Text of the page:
|Hazardous soil or groundwater
|Soil or groundwater with concentrations of hazardous substances that are above applicable federal or California hazardous waste standards
|Industrial use level soil
|Non hazardous soil with chemical concentrations below regulatory screening levels for LBNL workers, construction workers, and leaching to groundwater or for metals, if above, below the LBNL background level
|Non-hazardous soil or groundwater
|Clean soil or groundwater or soil or groundwater with concentrations of hazardous substances below applicable federal or California hazardous waste standards
|Soil with concentrations of radionuclides above background levels
|Residential use level soil
|Non hazardous soil with chemical concentrations below regulatory screening levels for residents, construction workers, and leaching to groundwater or for metals , if above, below LBNL background levels
The Soil Management Plan provides the requirements for managing and reusing or disposing of excavated soil and the required controls to reduce potential risk to site workers and the environment. The Groundwater Monitoring and Management Plan provides the requirements to reduce or eliminate both potential risks to human health from exposure to contaminated groundwater and potential releases of contaminated groundwater to the environment. It also provides the requirements for monitoring the areas of known groundwater contamination. The monitoring is performed by the ESG.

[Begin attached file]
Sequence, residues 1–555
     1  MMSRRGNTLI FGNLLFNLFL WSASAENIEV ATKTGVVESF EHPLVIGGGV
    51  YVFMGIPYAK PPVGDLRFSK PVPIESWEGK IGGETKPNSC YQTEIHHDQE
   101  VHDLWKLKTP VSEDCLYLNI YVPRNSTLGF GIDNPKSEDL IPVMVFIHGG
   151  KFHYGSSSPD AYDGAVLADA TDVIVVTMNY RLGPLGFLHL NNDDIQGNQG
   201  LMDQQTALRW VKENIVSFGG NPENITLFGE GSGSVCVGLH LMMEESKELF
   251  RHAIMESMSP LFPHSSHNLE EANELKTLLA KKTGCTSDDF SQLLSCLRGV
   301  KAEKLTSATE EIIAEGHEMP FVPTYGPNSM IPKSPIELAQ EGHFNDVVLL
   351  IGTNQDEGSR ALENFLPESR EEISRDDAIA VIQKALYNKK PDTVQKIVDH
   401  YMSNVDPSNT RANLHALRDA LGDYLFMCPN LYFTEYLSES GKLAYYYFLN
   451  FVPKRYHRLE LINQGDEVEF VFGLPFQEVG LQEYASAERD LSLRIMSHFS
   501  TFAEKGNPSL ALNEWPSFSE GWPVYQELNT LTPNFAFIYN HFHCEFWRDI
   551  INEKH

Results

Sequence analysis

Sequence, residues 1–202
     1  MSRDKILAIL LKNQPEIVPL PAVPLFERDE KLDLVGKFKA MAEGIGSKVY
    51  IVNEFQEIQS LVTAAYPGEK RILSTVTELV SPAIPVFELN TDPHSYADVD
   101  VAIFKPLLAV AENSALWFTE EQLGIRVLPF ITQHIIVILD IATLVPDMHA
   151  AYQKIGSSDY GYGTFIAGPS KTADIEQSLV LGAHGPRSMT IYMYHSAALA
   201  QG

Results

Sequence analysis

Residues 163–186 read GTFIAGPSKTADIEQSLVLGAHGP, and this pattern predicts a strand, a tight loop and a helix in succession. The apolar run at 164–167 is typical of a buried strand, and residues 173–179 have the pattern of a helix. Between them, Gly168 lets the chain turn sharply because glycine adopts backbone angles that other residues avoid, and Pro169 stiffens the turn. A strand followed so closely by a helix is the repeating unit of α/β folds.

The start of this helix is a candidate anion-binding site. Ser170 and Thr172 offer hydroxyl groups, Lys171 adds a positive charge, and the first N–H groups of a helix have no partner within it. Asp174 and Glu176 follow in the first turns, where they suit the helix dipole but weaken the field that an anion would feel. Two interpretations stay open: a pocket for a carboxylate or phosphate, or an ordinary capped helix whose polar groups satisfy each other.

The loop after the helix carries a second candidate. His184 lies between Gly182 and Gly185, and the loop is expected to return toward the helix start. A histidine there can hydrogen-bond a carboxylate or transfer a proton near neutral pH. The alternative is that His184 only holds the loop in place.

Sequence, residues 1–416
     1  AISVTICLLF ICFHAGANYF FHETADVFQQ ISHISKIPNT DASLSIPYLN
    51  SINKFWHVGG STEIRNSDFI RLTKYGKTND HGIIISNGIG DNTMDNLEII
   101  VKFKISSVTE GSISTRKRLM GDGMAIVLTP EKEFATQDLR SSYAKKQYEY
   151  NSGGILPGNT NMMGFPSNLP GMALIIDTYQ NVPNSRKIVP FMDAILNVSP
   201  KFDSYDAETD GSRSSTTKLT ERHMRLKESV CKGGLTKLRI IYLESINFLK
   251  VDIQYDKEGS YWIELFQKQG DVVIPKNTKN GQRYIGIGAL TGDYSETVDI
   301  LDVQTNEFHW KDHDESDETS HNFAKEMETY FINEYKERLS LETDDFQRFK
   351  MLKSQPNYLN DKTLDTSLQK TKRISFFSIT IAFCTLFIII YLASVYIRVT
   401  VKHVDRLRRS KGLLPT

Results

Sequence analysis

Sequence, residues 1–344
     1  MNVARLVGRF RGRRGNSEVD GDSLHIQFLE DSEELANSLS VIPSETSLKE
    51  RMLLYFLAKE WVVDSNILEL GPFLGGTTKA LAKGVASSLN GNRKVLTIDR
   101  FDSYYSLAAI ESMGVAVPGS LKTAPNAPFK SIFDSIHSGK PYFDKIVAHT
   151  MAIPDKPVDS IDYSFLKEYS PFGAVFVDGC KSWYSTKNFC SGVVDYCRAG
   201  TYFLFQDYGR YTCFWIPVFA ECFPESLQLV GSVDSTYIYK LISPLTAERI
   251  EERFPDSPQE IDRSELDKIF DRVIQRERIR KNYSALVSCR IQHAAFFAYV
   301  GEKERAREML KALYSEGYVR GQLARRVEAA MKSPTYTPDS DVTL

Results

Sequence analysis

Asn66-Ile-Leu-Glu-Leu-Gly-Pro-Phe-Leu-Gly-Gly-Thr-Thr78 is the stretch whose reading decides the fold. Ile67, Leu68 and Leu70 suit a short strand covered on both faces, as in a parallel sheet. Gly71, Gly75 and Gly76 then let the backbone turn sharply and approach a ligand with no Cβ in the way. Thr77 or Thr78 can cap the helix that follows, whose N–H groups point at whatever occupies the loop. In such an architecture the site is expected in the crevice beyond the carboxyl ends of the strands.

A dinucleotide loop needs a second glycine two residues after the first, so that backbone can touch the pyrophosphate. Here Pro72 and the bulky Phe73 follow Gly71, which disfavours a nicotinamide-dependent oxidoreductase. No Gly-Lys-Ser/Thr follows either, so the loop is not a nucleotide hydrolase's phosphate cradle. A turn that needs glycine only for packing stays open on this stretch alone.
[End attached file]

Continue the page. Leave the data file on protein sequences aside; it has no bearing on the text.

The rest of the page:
The plans specify the following required management controls:
- Groundwater. Groundwater may not be discharged to the storm drain or sanitary sewer unless in compliance with a discharge permit issued by the East Bay Municipal Utility District for the sanitary sewer or the Regional Water Quality Control Board for the storm drain. Activities that may encounter contaminated groundwater must have written procedures for site monitoring, spill contingency and treatment, and discharge for any extracted groundwater. If contaminated groundwater is extracted, it must be captured and treated prior to being routed to a permitted discharge point. Discharges to the sanitary sewer must comply with provisions of the EBMUD wastewater discharge permit.
- Land Use. New buildings cannot be constructed in areas where soil vapor concentrations pose a potential risk to future building occupants unless measures approved by the DTSC are implemented (e.g.,vapor mitigation system or cleanup of contaminants) to mitigate potential risks, or additional data are collected that shows that the risks are within acceptable levels.